Bauhaus-Universität Weimar

Titel:
Psychology: The Science of Human Behaviour
Person:
Givler, Robert Ch.
PURL:
https://digitalesammlungen.uni-weimar.de/viewer/image/lit11929/180/
PSYCHOLOGY 
170 
fused to give the final meaning to the word “up,” 
while the fusion of sensations from the muscles 
which antagonize these movements come eventually 
to mean “down.” Other qualities of eye and eyelid 
movement come to mean “right” and “left,” “diag¬ 
onally,” “across,” “under,” “on top of,” and so on 
throughout all the list of terms which mean space. 
The eye, however, does not get educated by itself. 
From early infancy we touch and fumble what we 
see, we move it, displace it, and roll it about with 
our hands, thereby associating movement sensation 
from the hand and arm with sensations from the 
eyes. Besides, one of our earliest actions is to turn 
the head in all directions to bring light to bear upon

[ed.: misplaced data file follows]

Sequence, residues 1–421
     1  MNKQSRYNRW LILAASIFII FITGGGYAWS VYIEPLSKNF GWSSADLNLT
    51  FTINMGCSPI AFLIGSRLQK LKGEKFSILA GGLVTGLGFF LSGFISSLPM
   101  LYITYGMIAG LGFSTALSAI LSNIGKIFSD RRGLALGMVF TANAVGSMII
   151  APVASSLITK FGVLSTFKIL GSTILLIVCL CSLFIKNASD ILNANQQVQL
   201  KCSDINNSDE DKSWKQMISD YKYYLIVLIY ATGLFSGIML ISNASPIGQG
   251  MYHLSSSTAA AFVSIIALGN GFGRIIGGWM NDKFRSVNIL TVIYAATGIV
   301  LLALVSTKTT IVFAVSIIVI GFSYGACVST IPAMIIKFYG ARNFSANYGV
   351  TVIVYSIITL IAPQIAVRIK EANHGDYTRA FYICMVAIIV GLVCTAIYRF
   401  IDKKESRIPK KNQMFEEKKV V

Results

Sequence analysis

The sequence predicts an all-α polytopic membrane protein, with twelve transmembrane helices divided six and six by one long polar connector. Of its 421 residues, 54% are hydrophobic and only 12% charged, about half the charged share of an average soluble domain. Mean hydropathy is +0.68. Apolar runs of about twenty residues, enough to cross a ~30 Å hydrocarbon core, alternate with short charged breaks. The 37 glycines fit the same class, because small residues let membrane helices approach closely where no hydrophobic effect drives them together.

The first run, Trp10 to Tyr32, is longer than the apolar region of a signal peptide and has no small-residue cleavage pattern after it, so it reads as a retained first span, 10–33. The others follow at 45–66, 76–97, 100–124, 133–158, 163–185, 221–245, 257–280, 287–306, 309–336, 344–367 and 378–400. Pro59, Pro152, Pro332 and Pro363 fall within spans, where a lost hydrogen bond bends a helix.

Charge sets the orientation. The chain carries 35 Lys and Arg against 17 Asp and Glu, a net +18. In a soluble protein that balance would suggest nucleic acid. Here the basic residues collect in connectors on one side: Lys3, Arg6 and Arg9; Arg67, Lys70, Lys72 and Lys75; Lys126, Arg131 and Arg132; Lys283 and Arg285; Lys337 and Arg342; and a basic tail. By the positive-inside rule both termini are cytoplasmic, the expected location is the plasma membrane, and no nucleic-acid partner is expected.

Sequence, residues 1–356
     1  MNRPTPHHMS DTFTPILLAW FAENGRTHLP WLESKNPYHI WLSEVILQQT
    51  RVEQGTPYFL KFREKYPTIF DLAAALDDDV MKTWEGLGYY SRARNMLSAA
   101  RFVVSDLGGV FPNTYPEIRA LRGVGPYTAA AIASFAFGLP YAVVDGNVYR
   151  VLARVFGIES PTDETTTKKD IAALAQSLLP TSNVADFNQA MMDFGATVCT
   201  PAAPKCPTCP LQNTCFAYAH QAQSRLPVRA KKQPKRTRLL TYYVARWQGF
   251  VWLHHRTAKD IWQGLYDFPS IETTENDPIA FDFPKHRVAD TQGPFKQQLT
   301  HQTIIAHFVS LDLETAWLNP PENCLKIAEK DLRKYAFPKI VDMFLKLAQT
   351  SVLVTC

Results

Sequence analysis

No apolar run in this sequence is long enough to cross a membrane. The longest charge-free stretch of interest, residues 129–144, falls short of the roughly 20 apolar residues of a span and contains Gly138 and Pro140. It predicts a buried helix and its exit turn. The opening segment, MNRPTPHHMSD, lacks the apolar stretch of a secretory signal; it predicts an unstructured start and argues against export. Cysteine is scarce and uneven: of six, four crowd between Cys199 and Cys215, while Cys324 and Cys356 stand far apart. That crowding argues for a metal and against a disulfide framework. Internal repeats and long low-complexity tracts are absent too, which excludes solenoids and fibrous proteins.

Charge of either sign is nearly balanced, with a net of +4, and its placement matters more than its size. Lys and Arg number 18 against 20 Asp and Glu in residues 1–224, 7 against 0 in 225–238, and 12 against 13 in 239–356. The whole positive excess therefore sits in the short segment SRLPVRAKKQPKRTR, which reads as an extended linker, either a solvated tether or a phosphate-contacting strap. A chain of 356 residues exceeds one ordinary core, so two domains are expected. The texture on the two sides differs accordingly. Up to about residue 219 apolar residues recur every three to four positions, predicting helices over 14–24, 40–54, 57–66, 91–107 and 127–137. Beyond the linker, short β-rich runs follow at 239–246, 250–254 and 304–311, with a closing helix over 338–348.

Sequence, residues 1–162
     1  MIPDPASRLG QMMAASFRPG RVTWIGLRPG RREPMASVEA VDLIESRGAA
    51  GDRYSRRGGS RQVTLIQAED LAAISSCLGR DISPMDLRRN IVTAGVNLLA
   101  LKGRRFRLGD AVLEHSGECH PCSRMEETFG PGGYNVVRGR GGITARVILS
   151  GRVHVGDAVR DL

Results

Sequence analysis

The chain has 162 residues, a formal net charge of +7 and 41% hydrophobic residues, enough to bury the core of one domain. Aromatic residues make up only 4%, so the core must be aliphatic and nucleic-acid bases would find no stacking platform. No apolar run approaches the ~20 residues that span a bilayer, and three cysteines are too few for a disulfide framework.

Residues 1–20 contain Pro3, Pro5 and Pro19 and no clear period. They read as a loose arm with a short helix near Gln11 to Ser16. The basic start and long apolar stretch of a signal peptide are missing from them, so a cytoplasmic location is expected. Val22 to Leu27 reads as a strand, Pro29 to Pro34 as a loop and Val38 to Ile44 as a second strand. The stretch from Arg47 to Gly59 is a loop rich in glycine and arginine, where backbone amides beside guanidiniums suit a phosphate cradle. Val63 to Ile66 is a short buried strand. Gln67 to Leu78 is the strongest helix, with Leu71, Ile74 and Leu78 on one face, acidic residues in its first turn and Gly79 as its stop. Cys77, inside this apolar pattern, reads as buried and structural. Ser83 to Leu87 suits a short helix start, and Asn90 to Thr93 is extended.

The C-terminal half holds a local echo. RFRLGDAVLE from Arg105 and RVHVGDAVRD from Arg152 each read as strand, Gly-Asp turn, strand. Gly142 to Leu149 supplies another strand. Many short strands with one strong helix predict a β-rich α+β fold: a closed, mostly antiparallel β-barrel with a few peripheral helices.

the fovea (see Chapter III), and so there are finally 
established kinæsthetic sensations from all the mova¬ 
ble parts of our bodies. In the adult it is the sum 
of these motor responses which meaning to the 
various words that imply direction and position in 
space. But these motor adjustments become so fine 
and so thoroughly second nature to us that it takes 
the most careful self-observation to bring them to 
our notice. 
The sum of all'this is that we perceive movement 
by moving ourselves, or by means of the strain sensa¬ 
tions of muscles about to be moved,, even though such 
movements and strains may not be noticed by us. 
A very interesting experiment has been devised to 
demonstrate the truth of this principle. If the arm 
is laid comfortably on a board that is hung from the 
ceiling by springs so supple that the slightest pres¬ 
sure will cause the board to be depressed, and if 
a fine wire lever attached to the end of the board is 
so pivoted as to make broad excursions at the free 
end upon every movement of the board, up or down
        

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